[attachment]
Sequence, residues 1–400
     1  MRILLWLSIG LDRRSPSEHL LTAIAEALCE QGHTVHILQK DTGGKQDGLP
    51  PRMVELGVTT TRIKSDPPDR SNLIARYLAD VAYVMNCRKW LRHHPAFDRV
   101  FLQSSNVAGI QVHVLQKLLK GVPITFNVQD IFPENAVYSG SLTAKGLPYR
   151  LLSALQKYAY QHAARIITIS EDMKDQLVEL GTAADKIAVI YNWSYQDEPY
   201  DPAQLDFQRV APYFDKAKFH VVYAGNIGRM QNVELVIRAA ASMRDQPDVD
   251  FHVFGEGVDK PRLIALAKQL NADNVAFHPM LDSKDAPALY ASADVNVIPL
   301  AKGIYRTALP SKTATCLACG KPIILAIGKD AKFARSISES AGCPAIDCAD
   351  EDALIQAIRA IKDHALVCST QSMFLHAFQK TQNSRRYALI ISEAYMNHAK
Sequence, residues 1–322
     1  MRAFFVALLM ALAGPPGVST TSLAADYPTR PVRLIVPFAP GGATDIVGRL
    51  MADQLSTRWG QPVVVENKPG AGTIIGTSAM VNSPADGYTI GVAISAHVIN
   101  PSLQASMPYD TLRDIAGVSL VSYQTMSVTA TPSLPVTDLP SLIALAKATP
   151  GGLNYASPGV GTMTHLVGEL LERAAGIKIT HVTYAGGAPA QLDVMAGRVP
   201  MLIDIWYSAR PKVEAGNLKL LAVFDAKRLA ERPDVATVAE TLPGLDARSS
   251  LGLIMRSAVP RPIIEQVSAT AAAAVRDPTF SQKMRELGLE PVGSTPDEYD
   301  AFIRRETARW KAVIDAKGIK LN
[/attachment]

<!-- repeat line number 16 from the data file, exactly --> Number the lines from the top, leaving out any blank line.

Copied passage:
   251  LGLIMRSAVP RPIIEQVSAT AAAAVRDPTF SQKMRELGLE PVGSTPDEYD